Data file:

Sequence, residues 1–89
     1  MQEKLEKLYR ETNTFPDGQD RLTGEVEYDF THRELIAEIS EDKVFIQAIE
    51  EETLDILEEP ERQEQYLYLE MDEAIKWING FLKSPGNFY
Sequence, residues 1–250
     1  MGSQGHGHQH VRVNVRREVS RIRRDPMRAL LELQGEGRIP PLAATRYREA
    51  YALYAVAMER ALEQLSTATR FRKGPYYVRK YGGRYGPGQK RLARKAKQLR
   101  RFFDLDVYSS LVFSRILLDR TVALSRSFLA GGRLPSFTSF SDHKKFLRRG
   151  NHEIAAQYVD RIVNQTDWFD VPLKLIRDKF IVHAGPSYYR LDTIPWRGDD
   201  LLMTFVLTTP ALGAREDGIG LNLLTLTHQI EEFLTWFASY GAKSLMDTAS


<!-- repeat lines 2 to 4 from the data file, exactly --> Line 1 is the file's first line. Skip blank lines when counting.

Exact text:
     1  MQEKLEKLYR ETNTFPDGQD RLTGEVEYDF THRELIAEIS EDKVFIQAIE
    51  EETLDILEEP ERQEQYLYLE MDEAIKWING FLKSPGNFY
Sequence, residues 1–250